Legislators don’t like to vote “no,” even for bills sponsored by the opposing party.

Utah legislators really don’t like to vote “no.” If a bill comes to a vote, you can be all but certain that it will succeed. The figure below tells the story; for each year since 2007, it shows the average size of the voting majority (as a percent). In 2014, the average House vote saw 93% of Representatives voting the same way; in the Senate, the average was 96%.

Percent of legislators who vote the same way on a bill, on average

Percent of legislators who vote the same way on a bill, on average

This means that Republicans and Democrats typically vote together. A “party-line” vote—that is, a vote where a majority of Republicans votes against a majority of Democrats—is rare in the Legislature. In 2014, only 10% of House votes and 5% of Senate votes were decided along party lines. Those numbers were marginally lower than in recent years (detailed data is here). The figure shows the trend:

Percentage of votes decided on party lines, by year

Percentage of votes decided on party lines, by year

We shouldn’t be surprised by this result. The 2012 elections gave us the second-most Republican Legislature in the past 80 years. Democrats control 14 of 75 House seats and 5 of 29 Senate seats. By playing nice, Democrats ensure that Republicans will reciprocate. In fact, Democrats managed to pass 49% of their bills this year despite their small numbers. (Data for previous years is here.) The chart below shows that this was one of their highest rates in the past several years—a success rate only 15 percentage points lower than the 64% success rate for Republican-sponsored bills.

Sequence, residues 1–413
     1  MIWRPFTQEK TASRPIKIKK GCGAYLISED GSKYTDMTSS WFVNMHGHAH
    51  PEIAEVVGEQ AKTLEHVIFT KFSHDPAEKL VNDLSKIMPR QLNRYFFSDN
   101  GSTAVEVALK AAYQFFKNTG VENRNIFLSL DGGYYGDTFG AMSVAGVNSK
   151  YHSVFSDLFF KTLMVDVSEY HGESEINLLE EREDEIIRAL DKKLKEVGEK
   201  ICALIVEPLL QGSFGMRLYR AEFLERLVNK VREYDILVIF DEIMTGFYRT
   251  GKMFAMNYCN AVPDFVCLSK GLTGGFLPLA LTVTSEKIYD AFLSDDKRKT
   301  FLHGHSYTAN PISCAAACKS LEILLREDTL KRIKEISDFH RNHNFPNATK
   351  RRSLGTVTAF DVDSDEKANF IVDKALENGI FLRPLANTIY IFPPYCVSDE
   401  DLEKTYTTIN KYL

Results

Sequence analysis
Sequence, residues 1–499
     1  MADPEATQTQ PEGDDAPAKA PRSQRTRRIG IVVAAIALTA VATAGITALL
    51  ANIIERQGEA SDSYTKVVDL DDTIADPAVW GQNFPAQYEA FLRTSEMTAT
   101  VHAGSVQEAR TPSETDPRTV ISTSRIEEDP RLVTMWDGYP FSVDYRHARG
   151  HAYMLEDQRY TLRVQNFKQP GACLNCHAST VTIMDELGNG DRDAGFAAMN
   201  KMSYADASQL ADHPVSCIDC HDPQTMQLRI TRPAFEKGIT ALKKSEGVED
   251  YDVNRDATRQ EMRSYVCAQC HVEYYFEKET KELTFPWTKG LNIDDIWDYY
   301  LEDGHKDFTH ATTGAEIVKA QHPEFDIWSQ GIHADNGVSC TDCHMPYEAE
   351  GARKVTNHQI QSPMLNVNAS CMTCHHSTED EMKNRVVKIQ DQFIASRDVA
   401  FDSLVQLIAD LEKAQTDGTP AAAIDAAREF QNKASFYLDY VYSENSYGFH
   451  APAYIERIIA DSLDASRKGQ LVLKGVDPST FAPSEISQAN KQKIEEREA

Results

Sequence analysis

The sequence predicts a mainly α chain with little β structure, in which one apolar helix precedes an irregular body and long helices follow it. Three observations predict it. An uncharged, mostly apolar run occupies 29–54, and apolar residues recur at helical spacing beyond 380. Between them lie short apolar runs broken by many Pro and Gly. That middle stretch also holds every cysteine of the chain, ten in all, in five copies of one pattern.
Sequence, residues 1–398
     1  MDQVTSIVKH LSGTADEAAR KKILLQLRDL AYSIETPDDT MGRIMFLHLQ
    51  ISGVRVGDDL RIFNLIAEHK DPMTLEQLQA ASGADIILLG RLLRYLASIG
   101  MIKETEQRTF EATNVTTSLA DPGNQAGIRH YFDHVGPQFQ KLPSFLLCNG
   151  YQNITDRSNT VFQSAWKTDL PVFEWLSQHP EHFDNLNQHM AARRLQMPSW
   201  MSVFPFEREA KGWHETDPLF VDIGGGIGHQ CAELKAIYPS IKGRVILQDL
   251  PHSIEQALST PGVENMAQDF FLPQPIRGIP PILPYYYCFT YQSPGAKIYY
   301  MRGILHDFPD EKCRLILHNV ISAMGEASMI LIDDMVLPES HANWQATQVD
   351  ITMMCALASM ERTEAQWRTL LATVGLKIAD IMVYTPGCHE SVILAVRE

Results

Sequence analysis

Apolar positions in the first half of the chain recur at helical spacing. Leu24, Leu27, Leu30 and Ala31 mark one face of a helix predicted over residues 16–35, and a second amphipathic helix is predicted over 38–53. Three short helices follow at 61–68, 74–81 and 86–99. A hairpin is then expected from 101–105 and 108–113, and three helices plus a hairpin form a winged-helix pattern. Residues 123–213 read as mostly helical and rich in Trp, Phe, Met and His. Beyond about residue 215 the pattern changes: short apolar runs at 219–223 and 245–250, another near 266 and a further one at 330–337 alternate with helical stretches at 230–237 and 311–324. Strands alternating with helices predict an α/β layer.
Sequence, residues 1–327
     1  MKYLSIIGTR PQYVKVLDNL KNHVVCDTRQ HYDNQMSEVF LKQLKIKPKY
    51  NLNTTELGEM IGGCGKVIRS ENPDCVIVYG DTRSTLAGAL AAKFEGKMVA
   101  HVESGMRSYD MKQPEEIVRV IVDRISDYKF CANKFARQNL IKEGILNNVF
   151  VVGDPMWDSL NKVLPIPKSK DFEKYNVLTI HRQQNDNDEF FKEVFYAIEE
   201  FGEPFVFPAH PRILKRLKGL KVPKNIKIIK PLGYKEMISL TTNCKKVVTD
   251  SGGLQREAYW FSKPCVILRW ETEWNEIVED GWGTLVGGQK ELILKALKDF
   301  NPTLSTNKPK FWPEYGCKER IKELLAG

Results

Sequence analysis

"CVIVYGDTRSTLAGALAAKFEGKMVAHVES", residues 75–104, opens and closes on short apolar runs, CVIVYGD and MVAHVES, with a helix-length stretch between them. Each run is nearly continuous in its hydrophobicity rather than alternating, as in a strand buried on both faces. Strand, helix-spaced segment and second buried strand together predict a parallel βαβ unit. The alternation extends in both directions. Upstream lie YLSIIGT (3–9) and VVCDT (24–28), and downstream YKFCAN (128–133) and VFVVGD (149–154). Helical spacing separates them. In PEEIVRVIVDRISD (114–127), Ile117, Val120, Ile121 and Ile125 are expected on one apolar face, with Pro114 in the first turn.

Party batting averages, by year

Party batting averages, by year

So we’ve seen that legislators don’t like to vote “no,” even for bills sponsored by the opposing party. That doesn’t mean bills don’t die, though. Lots of bills die. But they die because they run out of time, not because they were voted down.

If we look only at bills that made it out of committee and had at least one floor vote, 80% were successfully enacted while 20% were not. Let’s look at that latter group for a moment. Of these bills, though, only 18% were actually voted down on the floor; the remaining 82% simply didn’t complete their journey through the legislative process before the session ended. Bills die because they time out, not because they are voted down.